Before we get into today’s topic, I’ve had some feedback on last week’s post asking how I managed to stay balanced and optimistic when assessing the game. It’s because of two things:
1. I’m not expecting any miracles in terms where North finishes on the ladder this season, so by and large I’m able to watch play without getting worked up. Especially when it’s JLT 2 against the reigning premiers.
2. Spending six years in a press box where your number one goal is to be respectful to those covering the game conditions you to not have outbursts. Although it wasn’t that way when I started. The end of my first game was spent peeking over a chair watching Hamish McIntosh kick after the siren to potentially win it. But we’ll save that story for another time.
On the surface, the centre bounce is simple enough. Ball gets bounced, called back to be thrown up, the ruckmen battle to tap it to their teammates and away we go.
But while the ball is in the air there is so much happening at ground level with set plays and plans being carried out. It’s easy to miss live because it happens so quickly, but it tells you a lot about a team’s midfield setup and each player’s role in the unit.
If you’re ever at a training session – and this applies for any club, not just North Melbourne – watch the drill closely when the midfielders break away to go to the centre square.
(Here is where I would have recommended watching the stoppage work if you were at a game early enough for the on-field warm-up, but recent pre-match changes rule this option out.)
Of the three midfielders at ground level, in most bounces there’ll be one singled out as the target for the ruckman.
There can also be one midfielder whose sole focus is defensive, although this is far from written in stone. Meanwhile the remaining player’s role tends to fluctuate depending on what his matchup is.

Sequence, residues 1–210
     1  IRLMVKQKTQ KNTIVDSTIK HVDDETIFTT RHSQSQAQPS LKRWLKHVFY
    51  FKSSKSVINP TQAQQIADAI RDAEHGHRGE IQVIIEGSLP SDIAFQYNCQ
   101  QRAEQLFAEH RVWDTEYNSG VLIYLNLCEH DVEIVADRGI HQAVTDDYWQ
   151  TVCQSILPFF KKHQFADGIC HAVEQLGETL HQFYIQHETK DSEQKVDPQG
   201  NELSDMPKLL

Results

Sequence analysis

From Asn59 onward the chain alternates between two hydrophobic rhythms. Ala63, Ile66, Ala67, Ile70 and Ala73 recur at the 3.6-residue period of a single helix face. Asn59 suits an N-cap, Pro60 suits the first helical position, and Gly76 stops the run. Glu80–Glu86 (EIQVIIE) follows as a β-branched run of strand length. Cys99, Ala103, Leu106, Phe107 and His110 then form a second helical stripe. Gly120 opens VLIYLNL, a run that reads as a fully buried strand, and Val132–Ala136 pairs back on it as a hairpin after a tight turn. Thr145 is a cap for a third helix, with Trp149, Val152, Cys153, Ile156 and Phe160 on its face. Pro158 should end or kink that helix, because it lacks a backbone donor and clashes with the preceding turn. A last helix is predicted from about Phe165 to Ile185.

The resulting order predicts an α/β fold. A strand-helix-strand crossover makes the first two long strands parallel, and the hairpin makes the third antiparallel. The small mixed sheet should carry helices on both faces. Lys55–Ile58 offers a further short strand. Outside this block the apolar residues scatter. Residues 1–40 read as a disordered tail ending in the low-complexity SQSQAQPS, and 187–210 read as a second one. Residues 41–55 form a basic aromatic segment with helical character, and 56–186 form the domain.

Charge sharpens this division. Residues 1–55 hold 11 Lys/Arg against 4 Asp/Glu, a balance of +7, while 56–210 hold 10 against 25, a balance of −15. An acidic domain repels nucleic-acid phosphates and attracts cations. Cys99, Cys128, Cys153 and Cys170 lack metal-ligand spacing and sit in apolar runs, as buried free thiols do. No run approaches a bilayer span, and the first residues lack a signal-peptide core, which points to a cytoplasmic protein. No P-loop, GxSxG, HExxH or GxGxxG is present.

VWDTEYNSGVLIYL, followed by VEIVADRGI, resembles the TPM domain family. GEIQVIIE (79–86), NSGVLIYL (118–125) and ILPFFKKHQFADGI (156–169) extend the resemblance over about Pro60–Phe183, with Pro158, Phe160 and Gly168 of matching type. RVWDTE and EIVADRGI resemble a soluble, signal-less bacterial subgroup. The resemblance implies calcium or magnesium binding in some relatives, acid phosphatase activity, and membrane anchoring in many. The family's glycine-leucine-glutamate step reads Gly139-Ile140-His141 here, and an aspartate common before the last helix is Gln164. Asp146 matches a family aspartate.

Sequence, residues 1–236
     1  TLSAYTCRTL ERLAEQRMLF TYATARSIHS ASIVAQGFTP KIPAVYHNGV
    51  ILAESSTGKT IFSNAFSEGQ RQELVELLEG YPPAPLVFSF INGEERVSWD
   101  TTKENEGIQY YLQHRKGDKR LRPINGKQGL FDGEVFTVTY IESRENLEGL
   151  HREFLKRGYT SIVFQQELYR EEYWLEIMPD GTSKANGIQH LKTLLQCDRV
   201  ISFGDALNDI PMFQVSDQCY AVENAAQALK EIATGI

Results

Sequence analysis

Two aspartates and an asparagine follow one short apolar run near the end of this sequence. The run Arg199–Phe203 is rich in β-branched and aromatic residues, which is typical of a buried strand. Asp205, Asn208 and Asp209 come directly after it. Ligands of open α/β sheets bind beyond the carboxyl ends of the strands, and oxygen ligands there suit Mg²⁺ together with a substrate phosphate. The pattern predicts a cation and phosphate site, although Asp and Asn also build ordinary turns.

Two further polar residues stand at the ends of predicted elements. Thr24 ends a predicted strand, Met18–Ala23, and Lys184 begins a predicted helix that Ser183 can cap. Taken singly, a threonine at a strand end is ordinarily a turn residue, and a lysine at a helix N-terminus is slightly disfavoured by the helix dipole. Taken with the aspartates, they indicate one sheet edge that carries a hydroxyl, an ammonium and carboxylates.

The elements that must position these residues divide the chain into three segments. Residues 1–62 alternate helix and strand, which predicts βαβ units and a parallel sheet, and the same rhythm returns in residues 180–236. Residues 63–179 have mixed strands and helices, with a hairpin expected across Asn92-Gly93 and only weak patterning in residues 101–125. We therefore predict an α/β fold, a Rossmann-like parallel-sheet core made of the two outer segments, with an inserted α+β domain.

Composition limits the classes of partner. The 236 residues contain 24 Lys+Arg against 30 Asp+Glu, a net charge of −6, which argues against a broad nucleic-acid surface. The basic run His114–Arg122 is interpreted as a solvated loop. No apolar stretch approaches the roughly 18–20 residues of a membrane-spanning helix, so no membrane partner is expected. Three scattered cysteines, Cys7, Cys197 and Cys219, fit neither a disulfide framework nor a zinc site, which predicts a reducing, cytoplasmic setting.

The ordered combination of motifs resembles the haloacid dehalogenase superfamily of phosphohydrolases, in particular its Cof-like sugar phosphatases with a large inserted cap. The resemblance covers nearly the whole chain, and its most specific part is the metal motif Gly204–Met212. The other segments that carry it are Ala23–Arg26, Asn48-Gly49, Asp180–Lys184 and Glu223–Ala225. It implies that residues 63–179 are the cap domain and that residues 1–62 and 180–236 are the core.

Let’s go through the different stages of one in-game centre bounce to explain the moving parts.
Here is the first bounce of the second half from last week at Ikon Park, when North faced Richmond. Braydon Preuss is the ruckman, with Ben Cunnington, Ben Jacobs and Jy Simpkin rounding out the quartet.
Watch it back a couple of times and focus on something different on each occasion. If you take note of each player’s positioning when the bounce is at the top of its arc, you can determine their roles.
- Jacobs is solely focused on stopping Trent Cotchin
- Simpkin is neutral and reading the play
- Cunnington is the planned target for Preuss
It’s clear to see Cunnington holding off Dustin Martin – what would happen if those two went to fend each other off at the same time? – creating the drop zone for Preuss to direct the tap.
Of course it’s not always executed as smoothly as this. The bounce can favour one ruckman over the other, the intended midfield target may be on the opposite side to the bounce and it all breaks down to who can read the play better.
The next time you’re watching a game and a side is getting on top from the centre, keep the general structure of attacking player-defensive player-neutral player in mind. It gives you a different look at what you’re seeing.
The volume of posts here on The Shinboner will start to ramp up now as we draw closer to the season opener against Gold Coast. Before then, please help the blog out by spreading the word about it, subscribing via email on your right (on desktop) or below this post (on mobile), and if you’re on Twitter you can follow me @rickm18.
Until next time.